PUBLISHED ON: 29 November 2021

Breast Cancer Voices helped a PhD researcher from the University of the West of England understand the experiences and support needs of informal carers – wives, husbands, partners, family members or friends – of men with breast cancer.

Made up of people whose lives have been changed by breast cancer, Breast Cancer Voices use their diverse experiences of breast cancer to shape and improve our work and change the future of breast cancer. These Voices help us accelerate research and provide vital support, every way we can.

In the foreground, we see the back of an older man's head. Opposite him in the background is an older women. The two are sitting on chairs, apparently in conversation.

Caring for men with breast cancer

In the UK, around 370 men are diagnosed with breast cancer every year (compared to 55,000 women). But, to date, there has been no research to understand the experiences of informal carers of men with breast cancer in the UK.

Beth Herring, a PhD researcher, is looking to close this gap. Her study aimed to better understand the impact of the disease on people providing care for men and identify areas where carers may need support.

This research could help to find new ways we can support men with breast cancer and the many family members and friends who are impacted by their diagnosis. Breast Cancer Voices played an important part in making it happen by sharing their views and experience through research interviews. 12 participants took part in the study.

The impact of being a carer

Carers taking part in the research felt that caring for a man with breast cancer impacted many aspects of their lives. They talked about the practical and emotional ways in which they provide support. Often they see themselves as the ‘gatekeeper’ to many aspects of the patient’s life, taking on responsibility for their medical appointments and being the main contact for healthcare providers and professionals.

Many carers felt that they had to be the source of strength for the patient. They were responsible for maintaining normality in life, especially when it came to children. For some, the physical and psychological effects of caring had a negative impact on their own health.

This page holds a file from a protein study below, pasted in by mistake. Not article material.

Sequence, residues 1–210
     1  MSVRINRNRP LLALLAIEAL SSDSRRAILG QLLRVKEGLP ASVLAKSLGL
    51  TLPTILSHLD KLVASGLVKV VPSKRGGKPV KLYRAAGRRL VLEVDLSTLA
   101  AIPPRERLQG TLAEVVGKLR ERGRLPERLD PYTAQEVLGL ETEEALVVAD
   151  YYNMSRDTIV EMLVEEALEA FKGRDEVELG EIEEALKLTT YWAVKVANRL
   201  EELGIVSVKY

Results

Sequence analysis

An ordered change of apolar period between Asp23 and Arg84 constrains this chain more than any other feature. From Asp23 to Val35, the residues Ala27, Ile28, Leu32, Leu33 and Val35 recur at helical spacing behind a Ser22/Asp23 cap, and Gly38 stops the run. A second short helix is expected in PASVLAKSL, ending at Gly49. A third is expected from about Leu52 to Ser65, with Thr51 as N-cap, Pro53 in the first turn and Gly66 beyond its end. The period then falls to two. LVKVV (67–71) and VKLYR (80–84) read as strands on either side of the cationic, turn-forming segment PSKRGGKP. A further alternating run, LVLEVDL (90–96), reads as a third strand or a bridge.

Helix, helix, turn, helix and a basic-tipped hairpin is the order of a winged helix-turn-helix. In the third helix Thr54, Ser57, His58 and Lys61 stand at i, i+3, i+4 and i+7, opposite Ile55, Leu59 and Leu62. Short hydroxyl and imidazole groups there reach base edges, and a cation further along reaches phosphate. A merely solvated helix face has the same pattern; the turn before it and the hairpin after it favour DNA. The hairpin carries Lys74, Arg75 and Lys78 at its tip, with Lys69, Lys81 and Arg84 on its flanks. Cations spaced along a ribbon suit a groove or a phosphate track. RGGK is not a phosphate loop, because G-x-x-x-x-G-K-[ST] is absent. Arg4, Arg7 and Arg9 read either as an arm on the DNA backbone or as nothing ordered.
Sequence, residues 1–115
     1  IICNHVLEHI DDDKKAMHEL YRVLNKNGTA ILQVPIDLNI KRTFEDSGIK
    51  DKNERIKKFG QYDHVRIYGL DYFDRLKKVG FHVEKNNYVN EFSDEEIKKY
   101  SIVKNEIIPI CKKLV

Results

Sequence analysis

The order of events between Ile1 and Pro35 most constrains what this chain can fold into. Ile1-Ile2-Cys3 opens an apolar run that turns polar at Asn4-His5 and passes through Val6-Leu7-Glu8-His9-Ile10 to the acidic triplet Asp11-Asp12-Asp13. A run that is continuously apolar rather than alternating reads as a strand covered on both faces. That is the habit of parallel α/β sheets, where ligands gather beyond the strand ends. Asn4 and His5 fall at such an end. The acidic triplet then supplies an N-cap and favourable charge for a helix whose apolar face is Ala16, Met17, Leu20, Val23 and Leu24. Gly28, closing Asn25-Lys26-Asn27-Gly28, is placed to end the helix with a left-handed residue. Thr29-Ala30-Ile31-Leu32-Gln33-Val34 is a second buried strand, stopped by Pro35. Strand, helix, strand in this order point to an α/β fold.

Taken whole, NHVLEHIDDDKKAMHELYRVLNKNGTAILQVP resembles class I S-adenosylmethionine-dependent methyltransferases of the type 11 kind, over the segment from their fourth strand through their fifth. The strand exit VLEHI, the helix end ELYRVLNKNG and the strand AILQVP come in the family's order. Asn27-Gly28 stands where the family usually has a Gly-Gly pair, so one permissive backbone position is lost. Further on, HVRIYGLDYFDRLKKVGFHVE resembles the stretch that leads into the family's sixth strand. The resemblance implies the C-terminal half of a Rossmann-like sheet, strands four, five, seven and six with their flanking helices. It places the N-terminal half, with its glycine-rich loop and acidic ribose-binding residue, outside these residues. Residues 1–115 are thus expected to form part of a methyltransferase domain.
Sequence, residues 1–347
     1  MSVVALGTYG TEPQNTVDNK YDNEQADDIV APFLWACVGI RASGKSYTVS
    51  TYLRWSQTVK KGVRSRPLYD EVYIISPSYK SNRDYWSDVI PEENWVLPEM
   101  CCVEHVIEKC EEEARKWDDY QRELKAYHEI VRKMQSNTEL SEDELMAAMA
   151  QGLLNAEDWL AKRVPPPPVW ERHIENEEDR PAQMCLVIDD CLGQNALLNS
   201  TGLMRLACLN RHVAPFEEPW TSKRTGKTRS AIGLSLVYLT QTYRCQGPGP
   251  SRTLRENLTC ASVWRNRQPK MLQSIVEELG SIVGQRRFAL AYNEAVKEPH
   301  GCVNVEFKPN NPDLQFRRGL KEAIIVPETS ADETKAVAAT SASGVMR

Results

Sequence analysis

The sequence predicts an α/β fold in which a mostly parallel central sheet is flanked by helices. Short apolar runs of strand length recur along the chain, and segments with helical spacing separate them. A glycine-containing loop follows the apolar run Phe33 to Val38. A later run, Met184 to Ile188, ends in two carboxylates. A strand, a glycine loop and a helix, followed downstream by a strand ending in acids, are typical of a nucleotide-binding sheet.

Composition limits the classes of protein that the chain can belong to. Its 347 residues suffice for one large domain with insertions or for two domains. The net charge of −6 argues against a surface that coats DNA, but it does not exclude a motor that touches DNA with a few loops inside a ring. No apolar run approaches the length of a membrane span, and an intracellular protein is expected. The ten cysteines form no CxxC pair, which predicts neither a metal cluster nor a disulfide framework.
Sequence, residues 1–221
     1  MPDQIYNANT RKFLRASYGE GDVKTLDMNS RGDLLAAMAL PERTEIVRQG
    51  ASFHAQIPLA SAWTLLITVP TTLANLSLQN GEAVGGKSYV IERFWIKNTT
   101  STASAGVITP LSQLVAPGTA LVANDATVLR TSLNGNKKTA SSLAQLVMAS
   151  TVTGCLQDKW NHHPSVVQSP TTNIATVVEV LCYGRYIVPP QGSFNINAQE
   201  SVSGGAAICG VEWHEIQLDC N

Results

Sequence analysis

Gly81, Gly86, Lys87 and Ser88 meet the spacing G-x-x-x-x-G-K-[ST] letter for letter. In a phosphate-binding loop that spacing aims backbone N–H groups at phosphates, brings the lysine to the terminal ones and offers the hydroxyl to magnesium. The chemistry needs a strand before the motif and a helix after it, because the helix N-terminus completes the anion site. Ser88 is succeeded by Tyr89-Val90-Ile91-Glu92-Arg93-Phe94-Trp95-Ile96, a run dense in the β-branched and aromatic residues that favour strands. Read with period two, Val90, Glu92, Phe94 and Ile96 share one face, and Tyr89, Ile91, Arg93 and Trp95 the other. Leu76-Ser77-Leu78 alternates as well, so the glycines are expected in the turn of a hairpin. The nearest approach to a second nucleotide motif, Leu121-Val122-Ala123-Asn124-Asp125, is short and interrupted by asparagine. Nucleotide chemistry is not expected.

Lacking information and support

Most of the carers spoke about their shock reaction to the news of their family member or friend’s diagnosis –  most had never heard of breast cancer in men.

They found it difficult to access information about male breast cancer. Much of the information available presents breast cancer as a female disease and, as a result, most of the advice and guidance is focused on women.

For instance, advice such as ‘wear a blouse and skirt to mammogram appointments’ and diagrams of female breasts made carers feel unsure of how the disease impacts men and how they could best support their partner or family member.

They also noted that men with breast cancer felt excluded and sensed that there was a noticeable difference between support available for men and women.

Taking action

The result of the lack of awareness of male breast cancer led to many carers taking action to raise the profile of the disease. One challenged an insurance company for discriminatory provision of care, another carer held meetings with directors of hospitals and some set up a campaign to raise awareness of the disease in men.

Improving support for the future

The vast majority of carers felt that their social lives and relationships outside the house were impacted. They noted that they were not offered formal support, often expressing feelings of isolation and loneliness. As a result, they didn’t know about their rights, benefits or services they may be entitled to.

Based on her research, Beth Herring highlights three ways we can improve support for the future:

  1. Spread awareness that breast cancer can affect men and highlight how the disease impacts the people who care for them.
  2. Ensure that men are represented in breast cancer information resources by using more inclusive language, gender-neutral terms and pictures of male mastectomy.
  3. Provide more online groups or forums dedicated to carers who are looking after men with breast cancer to create a safe space for them to support each other emotionally and share experiences or advice.

Beth’s research has shed a light on the many challenges faced by people who care for men with breast cancer, highlighting how we can improve support for the future.

 

If you have an experience you would like to share, you could help others who may feel alone. Find out about opportunities to use your voice by joining our Breast Cancer Voices community. Researchers need you for your voice and experience, so be sure to check out opportunities to participate.

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